Me Time Review
Me Time premieres Friday, Aug. 26 on Netflix.
Kevin Hart and Mark Wahlberg star in Netflix's new buddy adventure Me Time, the latest in a long line of "stick-in-the-mud" vs. "way too much" friendship comedies wherein dudes learn to find a comfortable middle ground and not be the absolute worst. Hart and Wahlberg fill the story with high energy and fun performances but the best aspects of the film came from previous movies, including director John Hamburg's own I Love You, Man from 2009.
In the case of Me Time, the reason Hart's Sonny is friendless, or at least hasn't really connected with his childhood friend Huck Dembo (Wahlberg, with a superb doltish movie name) in over a decade, is because he's rigidly dedicated himself to being a househusband and helicopter father after starting his own family. It's a different type of self-dug hole in that regard as the film, clumsily for the most part, addressees the issue of giving away too much of yourself for fear that you have no value outside of acts of service. It's a noble theme, though Me Time is mostly about the tropes that come with this genre of comedy.
Me Time Photos
The more cut-and-paste elements of Me Time include obligatory animal hi-jinx (which cause injury to both people and the animals), a required music superstar cameo (including a performance), computer-generated shenanigans, an alarming maiming that's more gruesome than funny, an older character who's uncomfortably horny, misunderstandings that lead to vandalism, and several other clutch cliches that only serve to deaden the film a little. What works best are some of the actual lines and exchanges that capitalize on Hart and Wahlberg's fast-talking chemistry.
Me Time isn't without laughs, it's just kind of an inorganic pile-on. Regina Hall plays Sonny's successful architect wife, Maya, who's nicely treated like a full third here given that Maya also has a work/life balance in need of tweaking. The most underdeveloped of the three, actually, is Wahlberg's Huck, whose man-child catharsis at the end happens too speedily as the movie tidily figures out that everyone can have everything they want in terms of family and career.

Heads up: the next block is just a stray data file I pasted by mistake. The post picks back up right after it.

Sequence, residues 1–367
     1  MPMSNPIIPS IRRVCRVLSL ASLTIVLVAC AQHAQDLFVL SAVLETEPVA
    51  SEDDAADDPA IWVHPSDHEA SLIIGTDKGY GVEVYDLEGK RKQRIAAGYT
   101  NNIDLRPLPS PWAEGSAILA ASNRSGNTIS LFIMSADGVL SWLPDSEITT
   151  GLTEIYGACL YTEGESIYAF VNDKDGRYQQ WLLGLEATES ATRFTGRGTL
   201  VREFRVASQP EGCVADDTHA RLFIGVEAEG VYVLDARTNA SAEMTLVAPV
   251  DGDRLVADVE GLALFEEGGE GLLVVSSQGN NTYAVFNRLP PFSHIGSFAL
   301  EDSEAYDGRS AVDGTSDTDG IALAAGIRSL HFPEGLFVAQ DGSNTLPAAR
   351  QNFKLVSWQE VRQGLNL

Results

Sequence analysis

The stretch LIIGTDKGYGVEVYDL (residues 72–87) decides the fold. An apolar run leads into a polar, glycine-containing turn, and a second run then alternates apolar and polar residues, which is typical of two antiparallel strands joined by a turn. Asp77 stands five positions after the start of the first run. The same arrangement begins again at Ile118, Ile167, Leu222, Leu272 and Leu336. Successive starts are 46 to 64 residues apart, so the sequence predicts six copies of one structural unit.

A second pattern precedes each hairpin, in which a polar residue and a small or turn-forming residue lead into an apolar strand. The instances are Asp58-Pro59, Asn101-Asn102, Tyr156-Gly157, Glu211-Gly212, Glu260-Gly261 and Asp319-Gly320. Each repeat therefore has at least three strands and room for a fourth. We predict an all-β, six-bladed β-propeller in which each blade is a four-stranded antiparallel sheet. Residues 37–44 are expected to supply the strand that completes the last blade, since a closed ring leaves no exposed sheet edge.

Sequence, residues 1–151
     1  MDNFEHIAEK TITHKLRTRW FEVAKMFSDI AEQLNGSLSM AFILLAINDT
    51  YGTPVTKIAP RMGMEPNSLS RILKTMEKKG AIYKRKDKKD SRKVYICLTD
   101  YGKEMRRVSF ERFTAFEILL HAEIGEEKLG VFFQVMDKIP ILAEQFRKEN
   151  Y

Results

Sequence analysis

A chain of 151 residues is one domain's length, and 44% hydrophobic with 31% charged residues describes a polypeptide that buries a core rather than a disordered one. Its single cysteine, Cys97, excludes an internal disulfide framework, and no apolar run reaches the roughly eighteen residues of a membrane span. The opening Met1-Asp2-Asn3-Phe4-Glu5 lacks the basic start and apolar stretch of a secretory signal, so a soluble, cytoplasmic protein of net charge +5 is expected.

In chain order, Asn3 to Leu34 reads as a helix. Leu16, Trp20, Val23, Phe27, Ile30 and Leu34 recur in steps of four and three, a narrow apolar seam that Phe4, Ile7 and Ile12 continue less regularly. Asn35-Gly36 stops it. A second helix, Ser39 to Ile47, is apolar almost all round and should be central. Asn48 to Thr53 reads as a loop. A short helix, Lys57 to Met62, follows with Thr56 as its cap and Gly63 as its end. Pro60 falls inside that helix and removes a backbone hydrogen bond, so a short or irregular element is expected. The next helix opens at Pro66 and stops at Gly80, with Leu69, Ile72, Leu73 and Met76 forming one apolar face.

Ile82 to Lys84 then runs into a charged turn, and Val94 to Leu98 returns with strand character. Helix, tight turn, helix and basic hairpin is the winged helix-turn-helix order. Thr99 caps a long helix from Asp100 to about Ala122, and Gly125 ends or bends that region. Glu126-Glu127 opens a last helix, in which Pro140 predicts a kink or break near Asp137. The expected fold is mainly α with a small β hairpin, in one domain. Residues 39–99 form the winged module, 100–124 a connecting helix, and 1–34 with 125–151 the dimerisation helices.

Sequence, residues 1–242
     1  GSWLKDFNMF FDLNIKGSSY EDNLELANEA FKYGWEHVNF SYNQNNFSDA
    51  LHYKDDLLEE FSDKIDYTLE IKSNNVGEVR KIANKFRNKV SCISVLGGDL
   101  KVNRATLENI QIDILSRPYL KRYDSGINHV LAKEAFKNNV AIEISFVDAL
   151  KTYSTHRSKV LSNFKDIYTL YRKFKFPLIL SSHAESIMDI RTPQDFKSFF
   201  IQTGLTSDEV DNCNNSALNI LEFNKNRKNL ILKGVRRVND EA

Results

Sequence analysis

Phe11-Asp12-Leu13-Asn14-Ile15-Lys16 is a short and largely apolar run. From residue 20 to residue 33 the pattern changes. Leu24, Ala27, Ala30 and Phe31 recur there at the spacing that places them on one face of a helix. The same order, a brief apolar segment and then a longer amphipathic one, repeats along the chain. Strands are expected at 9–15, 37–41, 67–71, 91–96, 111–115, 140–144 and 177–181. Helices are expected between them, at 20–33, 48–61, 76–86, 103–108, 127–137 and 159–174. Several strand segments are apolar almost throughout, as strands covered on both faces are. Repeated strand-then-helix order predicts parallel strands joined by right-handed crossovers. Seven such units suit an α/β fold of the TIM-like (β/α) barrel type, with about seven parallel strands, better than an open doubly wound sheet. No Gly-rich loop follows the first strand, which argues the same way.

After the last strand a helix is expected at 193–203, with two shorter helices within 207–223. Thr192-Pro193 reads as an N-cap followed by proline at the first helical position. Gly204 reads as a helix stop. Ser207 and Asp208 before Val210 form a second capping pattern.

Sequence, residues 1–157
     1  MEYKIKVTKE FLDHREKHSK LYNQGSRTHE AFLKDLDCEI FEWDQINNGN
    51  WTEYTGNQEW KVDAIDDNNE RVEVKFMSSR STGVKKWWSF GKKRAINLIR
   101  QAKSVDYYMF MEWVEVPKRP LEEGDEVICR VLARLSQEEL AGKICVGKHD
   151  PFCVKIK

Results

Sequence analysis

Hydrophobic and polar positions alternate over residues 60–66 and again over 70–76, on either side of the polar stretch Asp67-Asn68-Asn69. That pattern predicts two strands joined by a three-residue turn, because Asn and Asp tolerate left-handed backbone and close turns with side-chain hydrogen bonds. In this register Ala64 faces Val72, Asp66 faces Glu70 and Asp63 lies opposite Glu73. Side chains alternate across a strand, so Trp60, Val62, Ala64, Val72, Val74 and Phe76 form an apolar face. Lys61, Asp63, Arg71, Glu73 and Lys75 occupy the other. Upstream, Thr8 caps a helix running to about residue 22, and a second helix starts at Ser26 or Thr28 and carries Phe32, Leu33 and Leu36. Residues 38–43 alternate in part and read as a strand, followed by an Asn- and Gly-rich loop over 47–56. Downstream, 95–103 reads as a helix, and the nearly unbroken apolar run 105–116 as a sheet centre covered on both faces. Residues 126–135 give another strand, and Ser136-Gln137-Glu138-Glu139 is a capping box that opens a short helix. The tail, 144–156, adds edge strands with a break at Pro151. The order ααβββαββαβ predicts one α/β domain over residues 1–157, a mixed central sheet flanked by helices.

The main focus is on Sonny's life crisis and how it's affecting his family but it would have been nice to see Huck get more time in the spotlight. There's only one scene with him sans Sonny and it goes by in a blink.
After being teased at work (which is over-volunteering at his kids' school) and embarrassed in front of Maya's top client, Armando (Luis Gerardo Méndez, who Sonny is convinced is trying to woo his wife), Sonny is talked into spending Spring Break by himself while Maya attempts to fill his shoes with their children on vacation. It isn't long before Sonny decides to have a reunion with Huck for his former best bud's birthday bash in the desert.
It's here, in Me Time's second act, that Hart's unique timidity and Wahlberg's dopey enthusiasm shine the brightest. It takes a while to get there (there are some first act school colleague exchanges that could have been trimmed) but once these two actually share the screen it's a much sillier and more engaging story. The promise/premise of the movie is these two and their scenes get held back to an odd degree.
Me Time has a strong core cast and some distinctive moments of levity (especially when involving an Uber driver played by Ilia Isorelýs Paulino) but there's very little that's fresh here. That said, if you're into watching Hart and Wahlberg play into their strengths as comedic performers, not really straying out of any comfort zone, then Me Time might make for a fine hyperactive distraction.
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This story originally appeared on: IGN - Author:Matt Fowler